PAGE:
The mayors of Skopje, Ljubljana, Belgrade, Sarajevo and Split also arrived to bid farewell to the late mayor. They signed a book of condolence in City Hall.

Wednesday, 3 March 2021

Croatian Parliament Pays Tribute To Late Milan Bandić

ZAGREB, 3 March, 2021 - The Croatian parliament on Wednesday observed a minute's silence in tribute to the deceased Zagreb mayor Milan Bandić, who was elected to parliament five times in his long political career.

Bandić was elected as a member of the Croatian parliament in 2000, 2003, 2008, 2015 and 2016, Parliament Speaker Gordan Jandroković recalled, extending his sincere condolences to Bandić's family, friends and associates.

"Bandić leaves behind a rich political career, he will be remembered for his great work energy, political passion and the love he had for Zagreb, because of which citizens elected him mayor six times," Jandroković said, inviting members of parliament to observe a minute of silence in tribute to the late mayor.

Monday, 1 March 2021

PM Plenkovic says Bandic Worked Hard to Make Zagreb a Better City

ZAGREB, 1 March, 2021 - Prime Minister Andrej Plenković on Monday signed a condolence book which was opened in City Hall after the death of Zagreb Mayor Milan Bandić on Sunday, and on that occasion he said that Bandić had worked hard to make Zagreb a better city.

Asked by the press outside City Hall if Bandić, who ran the city for 20 years, would be remembered as a negative or positive politician, Plenković said it was evident how much he had tried to do good things for Zagreb.

There are good and less good things about anyone involved in politics, Plenković said, adding, "Time will tell."

During his 20-year-long mayoral term, Bandić contributed to the development of the city and to the implementation of many projects, he demonstrated huge energy and enthusiasm, and what is crucial - he worked for Zagreb every day, the premier said.

Plenković thanked the late mayor for the positive things he did for residents of Zagreb and their city as well as for other parts of Croatia.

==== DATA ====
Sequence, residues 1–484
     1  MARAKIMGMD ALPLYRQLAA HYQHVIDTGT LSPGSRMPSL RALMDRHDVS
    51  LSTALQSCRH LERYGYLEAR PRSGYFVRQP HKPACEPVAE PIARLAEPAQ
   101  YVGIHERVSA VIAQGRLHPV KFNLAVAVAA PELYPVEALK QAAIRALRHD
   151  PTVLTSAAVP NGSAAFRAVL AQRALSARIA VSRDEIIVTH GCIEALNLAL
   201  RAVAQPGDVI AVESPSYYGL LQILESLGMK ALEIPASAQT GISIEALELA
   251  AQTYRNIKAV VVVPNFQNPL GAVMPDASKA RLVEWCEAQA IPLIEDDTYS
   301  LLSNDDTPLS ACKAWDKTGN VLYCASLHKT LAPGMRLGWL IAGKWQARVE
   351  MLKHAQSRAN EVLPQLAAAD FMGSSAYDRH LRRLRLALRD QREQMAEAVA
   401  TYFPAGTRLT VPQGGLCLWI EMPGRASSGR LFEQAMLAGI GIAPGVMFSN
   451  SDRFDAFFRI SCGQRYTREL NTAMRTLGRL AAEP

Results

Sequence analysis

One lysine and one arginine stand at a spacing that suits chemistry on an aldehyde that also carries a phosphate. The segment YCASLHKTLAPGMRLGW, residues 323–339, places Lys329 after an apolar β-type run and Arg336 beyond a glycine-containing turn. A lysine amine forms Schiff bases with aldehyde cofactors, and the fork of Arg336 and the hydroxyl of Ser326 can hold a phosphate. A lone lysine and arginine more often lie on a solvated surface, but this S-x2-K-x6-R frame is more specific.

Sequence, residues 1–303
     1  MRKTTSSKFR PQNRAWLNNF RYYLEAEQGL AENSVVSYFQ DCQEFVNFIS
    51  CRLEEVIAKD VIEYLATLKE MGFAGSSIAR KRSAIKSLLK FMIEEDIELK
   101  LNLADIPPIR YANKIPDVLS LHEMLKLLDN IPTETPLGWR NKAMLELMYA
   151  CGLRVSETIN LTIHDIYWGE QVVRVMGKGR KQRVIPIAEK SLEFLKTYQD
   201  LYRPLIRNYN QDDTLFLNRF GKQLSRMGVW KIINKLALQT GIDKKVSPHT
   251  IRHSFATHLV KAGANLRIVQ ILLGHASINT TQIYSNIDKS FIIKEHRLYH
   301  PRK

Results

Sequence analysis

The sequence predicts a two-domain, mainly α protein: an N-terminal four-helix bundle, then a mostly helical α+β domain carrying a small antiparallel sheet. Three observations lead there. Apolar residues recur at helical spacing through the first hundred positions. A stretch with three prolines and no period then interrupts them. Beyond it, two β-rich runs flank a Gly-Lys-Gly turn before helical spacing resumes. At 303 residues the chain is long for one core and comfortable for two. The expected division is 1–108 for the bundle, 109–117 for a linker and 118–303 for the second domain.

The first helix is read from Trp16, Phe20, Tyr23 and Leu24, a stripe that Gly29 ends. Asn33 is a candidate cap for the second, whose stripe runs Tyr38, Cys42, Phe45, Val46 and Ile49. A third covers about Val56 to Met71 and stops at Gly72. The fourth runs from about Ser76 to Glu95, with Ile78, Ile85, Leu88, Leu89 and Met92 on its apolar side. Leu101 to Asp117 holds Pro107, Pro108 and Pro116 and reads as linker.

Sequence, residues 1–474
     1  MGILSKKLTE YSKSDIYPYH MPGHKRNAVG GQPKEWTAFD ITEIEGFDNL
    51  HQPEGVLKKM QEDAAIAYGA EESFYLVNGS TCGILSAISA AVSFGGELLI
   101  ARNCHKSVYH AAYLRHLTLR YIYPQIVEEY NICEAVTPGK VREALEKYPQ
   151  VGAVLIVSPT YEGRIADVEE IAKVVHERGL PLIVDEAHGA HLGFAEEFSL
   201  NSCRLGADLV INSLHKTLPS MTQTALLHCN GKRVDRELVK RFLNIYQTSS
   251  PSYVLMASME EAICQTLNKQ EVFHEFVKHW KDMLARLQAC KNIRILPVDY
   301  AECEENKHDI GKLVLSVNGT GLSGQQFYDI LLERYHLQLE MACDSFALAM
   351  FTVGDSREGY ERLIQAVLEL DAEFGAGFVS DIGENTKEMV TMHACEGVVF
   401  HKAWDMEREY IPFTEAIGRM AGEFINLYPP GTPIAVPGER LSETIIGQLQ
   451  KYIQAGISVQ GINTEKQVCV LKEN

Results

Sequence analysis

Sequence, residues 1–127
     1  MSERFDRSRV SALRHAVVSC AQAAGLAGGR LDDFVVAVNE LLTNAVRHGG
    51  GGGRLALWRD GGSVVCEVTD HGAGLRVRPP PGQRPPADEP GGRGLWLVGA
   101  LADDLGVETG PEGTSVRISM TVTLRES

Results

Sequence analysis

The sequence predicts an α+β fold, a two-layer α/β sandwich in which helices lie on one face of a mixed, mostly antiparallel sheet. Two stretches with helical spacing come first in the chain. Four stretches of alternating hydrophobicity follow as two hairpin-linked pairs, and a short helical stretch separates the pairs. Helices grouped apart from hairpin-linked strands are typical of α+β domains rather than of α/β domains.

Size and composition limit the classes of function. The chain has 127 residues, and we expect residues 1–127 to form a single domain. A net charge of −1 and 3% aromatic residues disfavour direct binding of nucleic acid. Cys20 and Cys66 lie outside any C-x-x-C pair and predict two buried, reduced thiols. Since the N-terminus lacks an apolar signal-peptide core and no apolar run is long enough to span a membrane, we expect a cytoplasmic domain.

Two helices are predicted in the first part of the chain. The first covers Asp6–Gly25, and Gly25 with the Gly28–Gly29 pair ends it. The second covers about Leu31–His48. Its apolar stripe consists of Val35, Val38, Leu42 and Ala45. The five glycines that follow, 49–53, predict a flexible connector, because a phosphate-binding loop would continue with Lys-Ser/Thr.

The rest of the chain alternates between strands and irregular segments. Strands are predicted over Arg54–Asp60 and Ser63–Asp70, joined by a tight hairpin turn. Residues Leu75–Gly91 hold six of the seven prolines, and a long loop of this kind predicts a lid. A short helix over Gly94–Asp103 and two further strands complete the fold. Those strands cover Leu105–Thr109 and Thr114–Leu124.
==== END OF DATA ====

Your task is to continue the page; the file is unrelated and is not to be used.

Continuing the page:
Plenković wrote in the condolence book that the residents of Zagreb had elected Bandić six times to the post of mayor.

In the last five years, as Prime Minister, I cooperated with the mayor and we supported the development of the Croatian capital. "As a politician and man, Mayor Bandić was distinctive for his inexhaustible working energy and enthusiasm," Plenković wrote.

For more on the death of Milan Bandic, click here.

Sunday, 28 February 2021

Porfirije: Bandić was Friend of Orthodox Serbs, All People in Zagreb

ZAGREB, 28 February 2021 - Patriarch Porfirije celebrated his first service in Zagreb after being installed as head of the Serbian Orthodox Church, regretting at the end of his sermon the death of Zagreb Mayor Milan Bandić who, he said, had been a friend of Orthodox Serbs and all people in Zagreb.

"Without getting into politics... we have the duty to say that he was a friend of Orthodox Serbs and all people in the City of Zagreb and wider, but also my friend. I pray God for his soul to rest," the patriarch said.

In his sermon, he said that when he arrived in Zagreb as the metropolitan of Zagreb and Ljubljana in 2014, he felt fear as he had arrived in an unknown country and space "at a time preceded by insanity."

"May the Lord forgive us for such delusions... I deeply know, and I have learned it also from you, that the Church of Christ doesn't exist to divide, to create confrontation, but to unite in Christ," Porfirije said.

"Coming here then, I was burdened by various information coming from outside, perhaps even by my own prejudices, but I said honestly then: I am a Serb and I love my people, but above and before that I wish even more to be Christ's, to be a Christian, and that means to hear His word, that all should be one. I said then that I would try every day to love all peoples more and more," he said.

The patriarch said he "felt love at every step, first and foremost, naturally, from Serb Orthodox believers, but no less also from others who constantly disarmed and freed me both from what I was hearing outside and from what was coming, perhaps as prejudice, from inside," adding that he "was disarmed by meeting common people in bars, workers in the street, as well as people in high positions."

Porfirije thanked "the wonderful people, both Orthodox Serbs and Catholic and non-Catholic Croats," saying that he was also grateful for meeting with Jews, Muslims, Bosniaks, Roma and Russians.

He said that because of all that he felt the need to ask God every day to have mercy "for Orthodox Serbs in Croatia and for all people in Croatia with the wish that Christ's peace and Christ's love be in the lives of all people."

Page 1 of 21

Search

Cookies make it easier for us to provide you with our services. With the usage of our services you permit us to use cookies.
More information Ok